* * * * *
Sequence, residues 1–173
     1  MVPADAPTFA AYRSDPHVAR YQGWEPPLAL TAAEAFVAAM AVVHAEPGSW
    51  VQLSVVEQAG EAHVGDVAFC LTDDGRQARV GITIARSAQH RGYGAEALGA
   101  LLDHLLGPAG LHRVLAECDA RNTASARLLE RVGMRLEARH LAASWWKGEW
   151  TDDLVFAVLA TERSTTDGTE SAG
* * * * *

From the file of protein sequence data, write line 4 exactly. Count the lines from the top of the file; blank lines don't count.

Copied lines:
   101  LLDHLLGPAG LHRVLAECDA RNTASARLLE RVGMRLEARH LAASWWKGEW